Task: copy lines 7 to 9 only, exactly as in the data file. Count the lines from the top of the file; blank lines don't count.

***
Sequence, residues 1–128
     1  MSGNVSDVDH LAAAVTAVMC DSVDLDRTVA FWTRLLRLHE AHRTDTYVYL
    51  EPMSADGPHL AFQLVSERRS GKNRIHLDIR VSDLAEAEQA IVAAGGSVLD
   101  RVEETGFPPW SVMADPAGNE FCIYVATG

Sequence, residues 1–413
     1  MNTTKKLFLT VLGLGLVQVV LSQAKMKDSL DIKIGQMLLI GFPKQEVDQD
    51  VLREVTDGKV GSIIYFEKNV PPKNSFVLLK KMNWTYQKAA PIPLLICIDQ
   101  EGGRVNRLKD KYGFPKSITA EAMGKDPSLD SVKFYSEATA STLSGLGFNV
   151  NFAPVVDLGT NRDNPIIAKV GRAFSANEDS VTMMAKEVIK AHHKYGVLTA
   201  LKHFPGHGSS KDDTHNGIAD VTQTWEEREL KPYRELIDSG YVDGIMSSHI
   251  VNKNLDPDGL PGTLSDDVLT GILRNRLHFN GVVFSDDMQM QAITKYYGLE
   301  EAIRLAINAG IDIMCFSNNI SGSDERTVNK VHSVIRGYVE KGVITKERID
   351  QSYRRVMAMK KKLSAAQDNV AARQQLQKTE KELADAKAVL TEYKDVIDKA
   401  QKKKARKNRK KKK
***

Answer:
    51  VLREVTDGKV GSIIYFEKNV PPKNSFVLLK KMNWTYQKAA PIPLLICIDQ
   101  EGGRVNRLKD KYGFPKSITA EAMGKDPSLD SVKFYSEATA STLSGLGFNV
   151  NFAPVVDLGT NRDNPIIAKV GRAFSANEDS VTMMAKEVIK AHHKYGVLTA